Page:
- ePLM revenue was $132 million, down 10% as reported (down 2% in cc) as a couple of large deals slipped out of the quarter. ePLM software revenue was $92 million, down 4% (up 4% cc); ePLM support revenue was up 14% cc even as ePLM L&SS revenue was down 11% cc, as “double digit YoY CC growth in cloud services [was] offset by a decline in PLM license revenue against a tough comparison relative to large deals.”
- Revenue from IoT was $9.4 million, up from $0.5 million a year ago. (The percentage growth is a staggering but meaningless 1886%; some of this is organic, but the Axeda acquisition in August is also in here.) PTC says it added 62 new IoT customers during the quarter — I’m looking forward to hearing what they and PTC have to say at next week’s LiveWorx conference.
- SLM revenue was $42 million, down 4% as reported and flat in cc. SLM software revenue was $28 million, up 4%.
- By geo, revenue from the Americas was $132 million, down 2% as reported and down 1% cc. Revenue from Europe was $110 million, down 14% as reported and flat in cc. Revenue from Japan was $39 million, up 32% as reported and up 52% in cc, driven by a CAD and PLM megadeal. Finally, revenue from the rest of the Pacific Rim was $33 million, down 10% as reported and down 8% in cc.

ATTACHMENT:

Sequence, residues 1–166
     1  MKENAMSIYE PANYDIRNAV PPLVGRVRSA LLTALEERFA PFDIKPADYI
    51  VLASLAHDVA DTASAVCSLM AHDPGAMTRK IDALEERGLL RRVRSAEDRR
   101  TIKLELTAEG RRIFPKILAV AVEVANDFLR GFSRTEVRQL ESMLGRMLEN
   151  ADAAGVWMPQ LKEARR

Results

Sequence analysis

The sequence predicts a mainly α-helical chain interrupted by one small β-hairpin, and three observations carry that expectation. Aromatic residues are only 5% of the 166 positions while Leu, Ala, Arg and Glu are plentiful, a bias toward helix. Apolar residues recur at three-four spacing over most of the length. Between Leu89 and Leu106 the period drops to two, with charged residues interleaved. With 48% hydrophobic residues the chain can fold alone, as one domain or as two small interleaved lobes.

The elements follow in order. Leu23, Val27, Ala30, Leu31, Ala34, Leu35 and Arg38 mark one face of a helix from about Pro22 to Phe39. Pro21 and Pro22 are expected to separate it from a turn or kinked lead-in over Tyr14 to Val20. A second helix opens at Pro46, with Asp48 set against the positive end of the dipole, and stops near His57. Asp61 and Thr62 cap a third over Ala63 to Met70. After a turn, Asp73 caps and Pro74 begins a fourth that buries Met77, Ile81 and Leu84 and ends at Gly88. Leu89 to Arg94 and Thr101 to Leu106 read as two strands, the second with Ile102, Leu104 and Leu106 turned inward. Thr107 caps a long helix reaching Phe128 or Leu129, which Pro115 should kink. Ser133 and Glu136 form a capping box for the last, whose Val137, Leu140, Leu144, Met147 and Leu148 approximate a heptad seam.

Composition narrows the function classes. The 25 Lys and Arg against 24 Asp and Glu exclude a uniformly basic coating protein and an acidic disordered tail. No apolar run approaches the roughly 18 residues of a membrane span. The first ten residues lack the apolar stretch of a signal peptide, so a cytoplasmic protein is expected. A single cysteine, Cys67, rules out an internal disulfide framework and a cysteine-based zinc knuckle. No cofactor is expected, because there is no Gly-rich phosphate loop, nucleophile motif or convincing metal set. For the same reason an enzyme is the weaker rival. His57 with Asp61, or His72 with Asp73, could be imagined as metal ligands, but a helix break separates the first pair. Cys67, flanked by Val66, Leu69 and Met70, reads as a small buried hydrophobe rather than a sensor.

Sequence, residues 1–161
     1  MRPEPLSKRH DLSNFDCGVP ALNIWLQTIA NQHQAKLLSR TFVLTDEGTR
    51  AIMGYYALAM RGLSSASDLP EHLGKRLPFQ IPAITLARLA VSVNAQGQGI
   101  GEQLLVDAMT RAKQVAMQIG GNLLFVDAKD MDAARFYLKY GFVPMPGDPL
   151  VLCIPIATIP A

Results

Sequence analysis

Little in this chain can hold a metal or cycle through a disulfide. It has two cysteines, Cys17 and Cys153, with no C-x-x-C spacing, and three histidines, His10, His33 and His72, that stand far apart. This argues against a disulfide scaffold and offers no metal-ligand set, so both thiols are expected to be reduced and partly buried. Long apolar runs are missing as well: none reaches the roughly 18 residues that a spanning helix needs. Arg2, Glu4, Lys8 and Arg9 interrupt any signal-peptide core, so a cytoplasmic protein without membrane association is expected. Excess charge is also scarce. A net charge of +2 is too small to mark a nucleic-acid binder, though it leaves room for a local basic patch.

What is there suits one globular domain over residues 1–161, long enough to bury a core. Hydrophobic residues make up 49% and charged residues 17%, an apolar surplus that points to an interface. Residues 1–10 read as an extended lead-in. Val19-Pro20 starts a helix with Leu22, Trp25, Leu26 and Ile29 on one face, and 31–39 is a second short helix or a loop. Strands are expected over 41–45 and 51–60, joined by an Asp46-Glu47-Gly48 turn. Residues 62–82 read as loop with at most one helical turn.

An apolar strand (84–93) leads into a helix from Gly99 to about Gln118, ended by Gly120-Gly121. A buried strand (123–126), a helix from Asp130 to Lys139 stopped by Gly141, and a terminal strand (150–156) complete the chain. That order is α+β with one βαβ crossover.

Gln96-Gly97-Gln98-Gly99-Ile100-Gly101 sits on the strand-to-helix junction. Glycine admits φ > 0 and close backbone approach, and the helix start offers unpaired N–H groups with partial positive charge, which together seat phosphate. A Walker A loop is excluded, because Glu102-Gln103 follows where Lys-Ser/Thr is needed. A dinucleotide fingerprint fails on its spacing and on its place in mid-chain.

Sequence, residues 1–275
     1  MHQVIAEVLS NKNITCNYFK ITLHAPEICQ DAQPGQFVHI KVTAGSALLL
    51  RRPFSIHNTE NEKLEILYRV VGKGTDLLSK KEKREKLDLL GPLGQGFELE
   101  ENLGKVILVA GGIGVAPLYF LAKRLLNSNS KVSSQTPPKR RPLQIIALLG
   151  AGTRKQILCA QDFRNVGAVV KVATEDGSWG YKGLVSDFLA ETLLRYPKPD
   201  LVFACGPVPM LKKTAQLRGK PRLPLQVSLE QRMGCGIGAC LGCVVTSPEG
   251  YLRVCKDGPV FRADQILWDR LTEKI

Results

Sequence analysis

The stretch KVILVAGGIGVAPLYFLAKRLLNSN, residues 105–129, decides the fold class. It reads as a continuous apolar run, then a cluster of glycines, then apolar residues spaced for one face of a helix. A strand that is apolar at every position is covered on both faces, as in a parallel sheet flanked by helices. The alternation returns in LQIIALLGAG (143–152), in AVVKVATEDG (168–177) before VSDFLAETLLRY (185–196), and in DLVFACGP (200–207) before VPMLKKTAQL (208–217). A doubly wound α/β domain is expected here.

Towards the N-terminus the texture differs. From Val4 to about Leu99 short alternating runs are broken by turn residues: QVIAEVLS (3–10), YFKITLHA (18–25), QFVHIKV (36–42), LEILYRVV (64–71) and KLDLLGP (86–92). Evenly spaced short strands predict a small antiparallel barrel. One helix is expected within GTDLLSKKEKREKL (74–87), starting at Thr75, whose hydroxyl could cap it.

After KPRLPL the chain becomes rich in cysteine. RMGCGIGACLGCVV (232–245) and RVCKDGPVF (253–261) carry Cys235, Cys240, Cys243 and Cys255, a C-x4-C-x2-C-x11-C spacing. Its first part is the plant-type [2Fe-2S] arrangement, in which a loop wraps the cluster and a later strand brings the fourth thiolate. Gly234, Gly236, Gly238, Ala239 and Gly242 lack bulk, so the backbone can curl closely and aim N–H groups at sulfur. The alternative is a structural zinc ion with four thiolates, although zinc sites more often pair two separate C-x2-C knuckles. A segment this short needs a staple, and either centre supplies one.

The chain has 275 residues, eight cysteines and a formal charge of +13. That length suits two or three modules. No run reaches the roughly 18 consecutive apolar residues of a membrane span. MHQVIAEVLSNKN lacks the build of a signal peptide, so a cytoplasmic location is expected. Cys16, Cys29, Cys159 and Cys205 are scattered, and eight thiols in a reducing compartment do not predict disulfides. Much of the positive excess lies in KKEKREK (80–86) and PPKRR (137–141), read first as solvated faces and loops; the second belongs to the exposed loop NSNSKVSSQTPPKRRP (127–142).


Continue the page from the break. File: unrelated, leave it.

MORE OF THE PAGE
- The company recorded 13 deals with over $1 million in license and subscription solutions revenue, down from 17 a year ago. This included one mega deal (over $5 million), down from 3 a year ago. That one deal was in Japan, which boosted year/year growth; the other two were in Europe and the Americas, and the lack of replacement deals there in FQ2 made for tough comparables in those geos.
- One other thing: PTC has apparently run afoul of regulations around how it does business in China and is working through the investigation and likely fines or penalties with the US Securities and Exchange Commission and Department of Justice. PTC says that any settlement “could be material to our results of operations for the fiscal period in which the liability is recorded. Further, any settlement or other resolution of this matter could have collateral effects on our business in China, the United States and elsewhere”.
OK. That’s a boatload of data. What does it all mean??